New report highlights human cost of loophole in law on driving offences

Lee Martin
Lee Martin was killed by motorist Christopher Gard, who had escaped a ban just six weeks earlier using the exceptional hardship plea
Cycling UK has published a case study report showing how a fatal flaw in the road justice system leaves dangerous drivers free to kill innocent road users. The charity is calling for laws to be overhauled
  • Loophole allows drivers who have accrued 12 penalty points on their licence to avoid a driving ban by claiming it would cause them “exceptional hardship”
  • Report highlights case studies of drivers who used the loophole to escape bans despite a history of driving offences, and who went on to injure or kill road users
  • More than 83,000 drivers in the past 10 years have escaped disqualification due to “mitigating circumstances”
  • Cycling UK calls on people to take action by asking their MPs to back changes to the law  

Cycling UK has today published a report that highlights how failings in the UK’s road justice system have allowed dangerous drivers to escape disqualification and cause death and injury on the roads.

The report focuses on two motorists whose penalty points from driving offences would normally have resulted in a “totting up” ban, but who were allowed to keep their licences after pleading "exceptional hardship". In each case, they were later imprisoned for causing death by dangerous driving, leaving the families of their victims facing real hardship and heartbreak.

  • Christopher Gard accumulated eight convictions for using a mobile phone while driving but escaped a ban in June 2015 by arguing that it would cause him to lose his job, highlighting that this would impact negatively on his young son, and his son’s mother. He promised to keep his phone locked in his boot. Six weeks later, he had already broken his promise, and was once again texting behind the wheel when he ploughed into the back of cyclist Lee Martin, killing him. Gard tried to cover up his actions by deleting his texts. He was later jailed for nine years for causing death by dangerous driving.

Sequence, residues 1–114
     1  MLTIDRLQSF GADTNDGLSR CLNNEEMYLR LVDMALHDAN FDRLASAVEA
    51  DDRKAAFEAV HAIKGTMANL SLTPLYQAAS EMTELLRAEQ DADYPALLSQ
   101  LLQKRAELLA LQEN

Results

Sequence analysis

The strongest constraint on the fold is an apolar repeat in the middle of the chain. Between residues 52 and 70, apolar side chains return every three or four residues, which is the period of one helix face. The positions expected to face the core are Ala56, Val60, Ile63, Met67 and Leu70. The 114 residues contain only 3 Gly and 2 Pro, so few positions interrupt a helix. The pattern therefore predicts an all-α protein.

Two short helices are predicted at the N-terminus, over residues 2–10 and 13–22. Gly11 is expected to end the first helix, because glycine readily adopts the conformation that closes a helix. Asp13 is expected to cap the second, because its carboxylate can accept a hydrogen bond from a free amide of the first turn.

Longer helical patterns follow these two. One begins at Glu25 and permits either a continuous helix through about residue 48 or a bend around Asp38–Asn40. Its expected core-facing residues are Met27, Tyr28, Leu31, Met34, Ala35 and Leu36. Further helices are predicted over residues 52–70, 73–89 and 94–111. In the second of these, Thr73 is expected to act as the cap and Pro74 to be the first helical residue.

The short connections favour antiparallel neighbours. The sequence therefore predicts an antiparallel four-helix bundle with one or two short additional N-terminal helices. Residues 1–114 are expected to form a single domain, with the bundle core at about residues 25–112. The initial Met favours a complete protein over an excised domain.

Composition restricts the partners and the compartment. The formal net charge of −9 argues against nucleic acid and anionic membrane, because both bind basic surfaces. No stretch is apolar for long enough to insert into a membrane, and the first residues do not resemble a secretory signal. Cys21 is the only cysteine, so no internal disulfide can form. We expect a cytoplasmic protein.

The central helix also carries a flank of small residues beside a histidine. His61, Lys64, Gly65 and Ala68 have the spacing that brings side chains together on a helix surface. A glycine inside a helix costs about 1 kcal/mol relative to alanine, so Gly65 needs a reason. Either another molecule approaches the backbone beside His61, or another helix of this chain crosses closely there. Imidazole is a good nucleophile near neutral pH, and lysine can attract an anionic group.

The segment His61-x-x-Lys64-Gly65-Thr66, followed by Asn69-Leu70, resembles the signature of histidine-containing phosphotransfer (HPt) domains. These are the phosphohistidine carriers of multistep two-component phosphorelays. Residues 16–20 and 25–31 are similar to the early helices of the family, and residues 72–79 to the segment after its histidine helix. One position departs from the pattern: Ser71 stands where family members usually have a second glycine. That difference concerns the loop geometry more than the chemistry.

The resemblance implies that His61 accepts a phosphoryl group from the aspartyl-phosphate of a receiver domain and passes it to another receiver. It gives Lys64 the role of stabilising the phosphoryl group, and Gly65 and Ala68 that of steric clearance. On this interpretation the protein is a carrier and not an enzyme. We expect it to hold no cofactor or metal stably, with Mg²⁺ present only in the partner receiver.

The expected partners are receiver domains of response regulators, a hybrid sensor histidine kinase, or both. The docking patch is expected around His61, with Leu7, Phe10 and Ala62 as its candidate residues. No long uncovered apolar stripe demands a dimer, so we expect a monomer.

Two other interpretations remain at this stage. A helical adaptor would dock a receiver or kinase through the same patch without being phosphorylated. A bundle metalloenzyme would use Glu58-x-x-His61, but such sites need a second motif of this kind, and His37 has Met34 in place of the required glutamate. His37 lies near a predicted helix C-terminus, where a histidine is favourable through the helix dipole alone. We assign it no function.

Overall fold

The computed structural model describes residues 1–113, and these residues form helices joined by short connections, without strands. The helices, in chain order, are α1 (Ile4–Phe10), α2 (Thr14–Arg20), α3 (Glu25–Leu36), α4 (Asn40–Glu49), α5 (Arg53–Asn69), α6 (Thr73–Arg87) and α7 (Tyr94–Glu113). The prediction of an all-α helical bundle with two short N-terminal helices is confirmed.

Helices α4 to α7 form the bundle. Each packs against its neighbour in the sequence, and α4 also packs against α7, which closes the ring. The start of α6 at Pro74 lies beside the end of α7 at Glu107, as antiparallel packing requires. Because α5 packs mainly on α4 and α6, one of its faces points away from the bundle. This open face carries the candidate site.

• In 2004, Kurt Sammon ran over 13-year-old Michael Weaver, who died from serious injuries including a severed spinal cord. Sammon, who had taken methadone, failed to stop and abandoned his car two miles away. He was reported to have served just three months in prison after admitting failing to stop and report an accident, and having no insurance or MOT. In October 2018, following mobile phone offences, he escaped a ban by pleading exceptional hardship, saying it would affect his job and his ability to care for his mother. In January 2019, Sammon was fielding a call on his handsfree mobile when he jumped a red light in his van and hit 30-year-old motorcyclist Louis McGovern, who died from his injuries the following day. Sammon was convicted of causing death by dangerous driving and jailed for seven years.